Surgical Care

The most prevalent treatment in the United States is surgery alone (69.7%), followed by surgery combined with irradiation (11.0%) and irradiation alone (10.3%).[29] For oral cavity verrucous carcinomas, surgery alone is more common among early cases (85.8%) than among advanced cases (56.9%), and a larger proportion of patients with advanced disease receive irradiation alone or surgery and irradiation combined. Most laryngeal verrucous carcinomas are treated with surgery (60.3% for early disease, 55.6% for advanced disease). Compared with verrucous carcinomas in the oral cavity, laryngeal verrucous carcinomas are more often treated with radiation alone or surgery combined with radiation.

The best approach to oroaerodigestive verrucous carcinomas is probably tumor destruction combined with careful and frequent follow-up evaluations to assess for recurrence as well as separate new (and higher-grade) squamous cell carcinomas of the aerodigestive tract.

Surgery either by means of traditional excision or a Mohs micrographically controlled excision is a popular option. The latter is a good approach in select patients.[75, 76] Surgical diathermy, or electrocautery with thorough electrocoagulation of the tumor bed and the surrounding regions of leukoplakia or other abnormalities, is another surgical modality.[67] Radiation therapy has been used with surgery.[61] A combination of surgical excision and chemotherapy has certain advantages in oral verrucous carcinoma.[77]



Verrucous carcinoma is a locally aggressive and destructive tumor that advances into adjacent bone and other structures. Regional lymph node metastases occasionally occur, but distant metastases are rare. Rapid anaplastic transformation with widespread metastases has been described in a few patients with oral verrucous carcinoma. This complication mainly occurs after radiation therapy.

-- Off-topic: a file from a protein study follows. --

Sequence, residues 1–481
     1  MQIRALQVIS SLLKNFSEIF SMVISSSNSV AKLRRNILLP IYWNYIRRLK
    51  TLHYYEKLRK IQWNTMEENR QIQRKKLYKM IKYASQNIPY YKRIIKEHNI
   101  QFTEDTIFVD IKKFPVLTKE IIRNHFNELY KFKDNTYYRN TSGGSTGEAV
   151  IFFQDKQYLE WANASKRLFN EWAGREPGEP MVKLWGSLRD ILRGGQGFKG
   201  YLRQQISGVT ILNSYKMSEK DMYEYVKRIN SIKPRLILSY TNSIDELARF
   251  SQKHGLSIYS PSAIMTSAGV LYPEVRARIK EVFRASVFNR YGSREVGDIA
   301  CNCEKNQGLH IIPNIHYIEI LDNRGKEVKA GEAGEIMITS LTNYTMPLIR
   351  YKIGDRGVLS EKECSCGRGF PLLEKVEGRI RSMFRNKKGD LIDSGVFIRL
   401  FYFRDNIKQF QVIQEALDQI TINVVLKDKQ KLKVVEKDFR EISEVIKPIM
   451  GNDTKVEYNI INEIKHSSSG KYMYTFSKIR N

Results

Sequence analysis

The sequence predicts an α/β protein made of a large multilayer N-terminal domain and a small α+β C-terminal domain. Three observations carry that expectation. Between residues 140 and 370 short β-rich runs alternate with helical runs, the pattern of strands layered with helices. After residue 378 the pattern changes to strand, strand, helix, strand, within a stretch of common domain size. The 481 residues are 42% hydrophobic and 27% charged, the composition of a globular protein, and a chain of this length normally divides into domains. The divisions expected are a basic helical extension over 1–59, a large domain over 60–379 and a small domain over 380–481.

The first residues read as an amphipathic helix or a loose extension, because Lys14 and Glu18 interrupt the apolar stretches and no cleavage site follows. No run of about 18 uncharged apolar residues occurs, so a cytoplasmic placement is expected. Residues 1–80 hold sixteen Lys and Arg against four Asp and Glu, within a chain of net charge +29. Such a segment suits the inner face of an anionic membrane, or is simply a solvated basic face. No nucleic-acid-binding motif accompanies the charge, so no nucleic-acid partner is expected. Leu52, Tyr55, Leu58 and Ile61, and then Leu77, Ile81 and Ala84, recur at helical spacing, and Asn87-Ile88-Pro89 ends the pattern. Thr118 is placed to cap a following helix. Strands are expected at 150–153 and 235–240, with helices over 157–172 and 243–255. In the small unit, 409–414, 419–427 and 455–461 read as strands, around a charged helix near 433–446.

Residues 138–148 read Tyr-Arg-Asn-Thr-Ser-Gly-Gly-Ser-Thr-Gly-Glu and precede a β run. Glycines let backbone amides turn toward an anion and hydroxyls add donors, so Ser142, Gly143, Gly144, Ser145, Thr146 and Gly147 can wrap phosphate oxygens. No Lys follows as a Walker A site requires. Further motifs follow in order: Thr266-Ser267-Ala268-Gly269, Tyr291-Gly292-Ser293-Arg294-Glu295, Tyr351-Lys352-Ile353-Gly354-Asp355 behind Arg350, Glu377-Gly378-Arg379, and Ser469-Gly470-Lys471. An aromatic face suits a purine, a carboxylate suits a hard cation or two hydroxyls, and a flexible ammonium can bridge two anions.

Long-Term Monitoring

Patients with verrucous carcinoma (VC) should be carefully monitored because the following might develop:

  • Second cancer
  • Aggressive squamous cell carcinoma
  • Anaplastic transformation of a preexistent verrucous carcinoma
Contributor Information and Disclosures

Robert A Schwartz, MD, MPH Professor and Head of Dermatology, Professor of Pathology, Pediatrics, Medicine, and Preventive Medicine and Community Health, Rutgers New Jersey Medical School; Visiting Professor, Rutgers University School of Public Affairs and Administration

Robert A Schwartz, MD, MPH is a member of the following medical societies: Alpha Omega Alpha, New York Academy of Medicine, American Academy of Dermatology, American College of Physicians, Sigma Xi

Disclosure: Nothing to disclose.


Channing R Barnett, MD Staff Physician, Department of Dermatology, University of Medicine and Dentistry of New Jersey

Channing R Barnett, MD is a member of the following medical societies: Sigma Xi

Disclosure: Nothing to disclose.

Specialty Editor Board

David F Butler, MD Section Chief of Dermatology, Central Texas Veterans Healthcare System; Professor of Dermatology, Texas A&M University College of Medicine; Founding Chair, Department of Dermatology, Scott and White Clinic

David F Butler, MD is a member of the following medical societies: American Medical Association, Alpha Omega Alpha, Association of Military Dermatologists, American Academy of Dermatology, American Society for Dermatologic Surgery, American Society for MOHS Surgery, Phi Beta Kappa

Disclosure: Nothing to disclose.

Drore Eisen, MD, DDS Consulting Staff, Department of Dermatology, Dermatology Research Associates of Cincinnati

Drore Eisen, MD, DDS is a member of the following medical societies: American Academy of Dermatology, American Academy of Oral Medicine, American Dental Association

Disclosure: Nothing to disclose.

Chief Editor

Dirk M Elston, MD Professor and Chairman, Department of Dermatology and Dermatologic Surgery, Medical University of South Carolina College of Medicine

Dirk M Elston, MD is a member of the following medical societies: American Academy of Dermatology

Disclosure: Nothing to disclose.

Additional Contributors

Julie C Harper, MD Assistant Program Director, Assistant Professor, Department of Dermatology, University of Alabama at Birmingham

Julie C Harper, MD is a member of the following medical societies: American Academy of Dermatology

Disclosure: Received honoraria from Stiefel for speaking and teaching; Received honoraria from Allergan for speaking and teaching; Received honoraria from Intendis for speaking and teaching; Received honoraria from Coria for speaking and teaching; Received honoraria from Sanofi-Aventis for speaking and teaching.